Tudung issue: Govt's position not static, change must be gradual

SINGAPORE - The tudung issue is about a broader question of what kind of society Singapore wants to build, said Prime Minister Lee Hsien Loong on Saturday.

Mr Lee said this after a two-hour dialogue at the Old Police Academy with more than 100 leaders and representatives from the Malay community over the Muslim headscarf.

He said he understood the position of those who want women who are in the frontline in the public service, or uniformed personnel, to be able to wear the tudung, reported The Straits Times online.

But the issue is broader than the tudung itself and is about "what sort of society do we want to build in Singapore".

Said Mr Lee: "It is a question which we faced right from independence. In fact, it is the reason we became independent.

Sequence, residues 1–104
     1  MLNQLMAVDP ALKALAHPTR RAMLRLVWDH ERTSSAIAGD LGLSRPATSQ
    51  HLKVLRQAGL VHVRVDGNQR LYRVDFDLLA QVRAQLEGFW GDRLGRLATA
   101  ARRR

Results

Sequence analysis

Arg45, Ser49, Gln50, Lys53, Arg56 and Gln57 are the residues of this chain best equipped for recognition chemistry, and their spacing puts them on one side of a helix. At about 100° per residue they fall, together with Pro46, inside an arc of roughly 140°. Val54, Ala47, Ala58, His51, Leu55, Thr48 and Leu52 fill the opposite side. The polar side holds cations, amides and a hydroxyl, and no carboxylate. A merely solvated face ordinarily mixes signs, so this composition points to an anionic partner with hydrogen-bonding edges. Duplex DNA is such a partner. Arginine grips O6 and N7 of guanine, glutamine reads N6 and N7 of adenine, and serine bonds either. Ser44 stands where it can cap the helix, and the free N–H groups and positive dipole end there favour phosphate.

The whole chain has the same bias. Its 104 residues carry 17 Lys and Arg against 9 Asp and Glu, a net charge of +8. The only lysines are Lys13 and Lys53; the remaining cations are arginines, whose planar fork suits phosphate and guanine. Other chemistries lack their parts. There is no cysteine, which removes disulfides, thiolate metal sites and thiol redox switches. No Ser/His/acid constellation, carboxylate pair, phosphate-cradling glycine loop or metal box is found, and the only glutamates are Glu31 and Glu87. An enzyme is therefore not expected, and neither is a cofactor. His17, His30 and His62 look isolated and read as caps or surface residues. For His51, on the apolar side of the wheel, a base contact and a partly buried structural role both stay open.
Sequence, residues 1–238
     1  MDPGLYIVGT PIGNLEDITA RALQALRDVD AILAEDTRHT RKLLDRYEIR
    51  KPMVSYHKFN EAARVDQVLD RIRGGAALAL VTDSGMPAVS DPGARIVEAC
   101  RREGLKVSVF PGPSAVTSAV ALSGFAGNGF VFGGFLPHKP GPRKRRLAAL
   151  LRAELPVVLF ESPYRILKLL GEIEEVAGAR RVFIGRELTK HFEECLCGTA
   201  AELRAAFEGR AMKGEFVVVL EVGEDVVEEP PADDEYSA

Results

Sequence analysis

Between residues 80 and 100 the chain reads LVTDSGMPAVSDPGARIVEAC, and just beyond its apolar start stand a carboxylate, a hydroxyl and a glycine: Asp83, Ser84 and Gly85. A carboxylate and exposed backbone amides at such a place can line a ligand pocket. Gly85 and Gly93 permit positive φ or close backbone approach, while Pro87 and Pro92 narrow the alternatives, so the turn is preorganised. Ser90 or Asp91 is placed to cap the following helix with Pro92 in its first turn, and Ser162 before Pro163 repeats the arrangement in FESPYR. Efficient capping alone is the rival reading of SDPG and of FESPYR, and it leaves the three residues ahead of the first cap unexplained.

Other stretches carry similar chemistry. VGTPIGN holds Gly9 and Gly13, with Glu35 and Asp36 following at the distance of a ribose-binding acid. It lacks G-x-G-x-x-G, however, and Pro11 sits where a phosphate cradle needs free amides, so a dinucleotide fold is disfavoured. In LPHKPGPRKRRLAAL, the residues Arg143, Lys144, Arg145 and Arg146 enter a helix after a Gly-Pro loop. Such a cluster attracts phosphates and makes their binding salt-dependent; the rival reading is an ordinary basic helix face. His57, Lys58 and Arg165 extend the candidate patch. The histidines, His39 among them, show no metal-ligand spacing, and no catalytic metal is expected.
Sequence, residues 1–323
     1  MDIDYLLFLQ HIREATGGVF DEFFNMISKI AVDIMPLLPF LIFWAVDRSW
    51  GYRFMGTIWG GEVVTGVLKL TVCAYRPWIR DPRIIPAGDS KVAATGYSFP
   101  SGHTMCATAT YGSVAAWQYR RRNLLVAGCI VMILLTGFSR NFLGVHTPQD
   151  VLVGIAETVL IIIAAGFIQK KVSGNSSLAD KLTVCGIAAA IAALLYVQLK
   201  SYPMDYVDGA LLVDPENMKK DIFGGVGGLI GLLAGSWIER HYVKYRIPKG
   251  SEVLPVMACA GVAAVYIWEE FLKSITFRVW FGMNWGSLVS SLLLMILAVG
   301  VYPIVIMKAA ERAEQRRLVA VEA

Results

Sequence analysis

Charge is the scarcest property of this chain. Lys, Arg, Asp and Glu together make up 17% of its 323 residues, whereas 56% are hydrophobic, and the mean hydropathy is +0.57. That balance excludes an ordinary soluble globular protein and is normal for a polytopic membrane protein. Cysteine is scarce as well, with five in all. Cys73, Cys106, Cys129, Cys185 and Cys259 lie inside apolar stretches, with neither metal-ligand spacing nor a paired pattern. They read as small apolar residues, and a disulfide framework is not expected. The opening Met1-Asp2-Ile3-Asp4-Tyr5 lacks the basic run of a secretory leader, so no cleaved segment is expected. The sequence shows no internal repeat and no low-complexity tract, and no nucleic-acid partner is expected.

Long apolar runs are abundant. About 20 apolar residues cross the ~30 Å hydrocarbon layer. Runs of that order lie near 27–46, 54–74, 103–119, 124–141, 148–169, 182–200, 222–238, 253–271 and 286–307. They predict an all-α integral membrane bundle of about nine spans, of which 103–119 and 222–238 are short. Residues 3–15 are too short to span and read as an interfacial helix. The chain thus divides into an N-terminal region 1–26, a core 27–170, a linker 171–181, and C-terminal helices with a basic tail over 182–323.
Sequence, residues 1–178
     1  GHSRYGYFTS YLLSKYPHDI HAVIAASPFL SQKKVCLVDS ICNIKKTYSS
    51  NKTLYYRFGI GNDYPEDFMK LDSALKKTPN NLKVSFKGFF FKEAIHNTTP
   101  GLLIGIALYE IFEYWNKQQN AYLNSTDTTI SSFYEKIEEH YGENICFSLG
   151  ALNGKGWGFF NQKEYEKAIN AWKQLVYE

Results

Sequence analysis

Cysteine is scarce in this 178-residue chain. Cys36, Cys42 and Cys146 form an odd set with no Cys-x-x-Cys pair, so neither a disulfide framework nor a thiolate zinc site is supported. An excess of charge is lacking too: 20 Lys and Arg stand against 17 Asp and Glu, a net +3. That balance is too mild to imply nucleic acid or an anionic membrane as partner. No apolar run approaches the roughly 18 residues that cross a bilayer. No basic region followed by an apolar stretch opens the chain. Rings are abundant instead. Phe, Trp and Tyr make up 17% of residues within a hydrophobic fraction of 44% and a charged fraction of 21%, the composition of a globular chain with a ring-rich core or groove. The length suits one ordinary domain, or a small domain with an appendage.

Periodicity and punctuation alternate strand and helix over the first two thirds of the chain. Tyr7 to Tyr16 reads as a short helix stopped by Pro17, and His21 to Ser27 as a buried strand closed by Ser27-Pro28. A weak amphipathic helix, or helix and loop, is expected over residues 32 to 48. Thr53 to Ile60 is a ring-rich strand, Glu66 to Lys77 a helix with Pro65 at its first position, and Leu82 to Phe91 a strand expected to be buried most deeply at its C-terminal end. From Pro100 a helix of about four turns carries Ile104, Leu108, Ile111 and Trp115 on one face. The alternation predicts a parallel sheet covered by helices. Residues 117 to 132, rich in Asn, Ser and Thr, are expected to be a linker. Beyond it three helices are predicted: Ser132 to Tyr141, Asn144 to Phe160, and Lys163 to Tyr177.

"That is, we are in Singapore to build a multiracial society, where everyone has full and equal opportunities, where the minority community can live its own way of life, practise its faith to the maximum way possible and not be oppressed, or marginalised, by the majority."

Mr Lee added that the Government's position on the issue has not been static, reported Channel NewsAsia.

"If we are going to have anything happen which can change the status quo, we want to make sure that the change takes place gradually and for the better," he said.

"We do not want to make precipitous moves, which can lead to either a push back from other communities," he said. He added it could lead to further demands from the other communities, and then, a weakening of our multiracial ties, "which will mean a much unhappier society".

This is the first such dialogue Mr Lee has held with the Malay community on the issue. A debate on this was sparked after a lecturer asked at a forum why nurses were barred from wearing a tudung.


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